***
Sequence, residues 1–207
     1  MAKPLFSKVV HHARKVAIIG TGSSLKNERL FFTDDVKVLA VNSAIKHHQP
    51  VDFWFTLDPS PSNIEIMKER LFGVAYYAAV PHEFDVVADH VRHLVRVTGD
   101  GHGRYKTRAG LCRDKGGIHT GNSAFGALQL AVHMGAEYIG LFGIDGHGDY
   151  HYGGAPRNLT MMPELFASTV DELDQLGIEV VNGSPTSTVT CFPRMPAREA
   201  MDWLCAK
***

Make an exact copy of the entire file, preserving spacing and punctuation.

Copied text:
Sequence, residues 1–207
     1  MAKPLFSKVV HHARKVAIIG TGSSLKNERL FFTDDVKVLA VNSAIKHHQP
    51  VDFWFTLDPS PSNIEIMKER LFGVAYYAAV PHEFDVVADH VRHLVRVTGD
   101  GHGRYKTRAG LCRDKGGIHT GNSAFGALQL AVHMGAEYIG LFGIDGHGDY
   151  HYGGAPRNLT MMPELFASTV DELDQLGIEV VNGSPTSTVT CFPRMPAREA
   201  MDWLCAK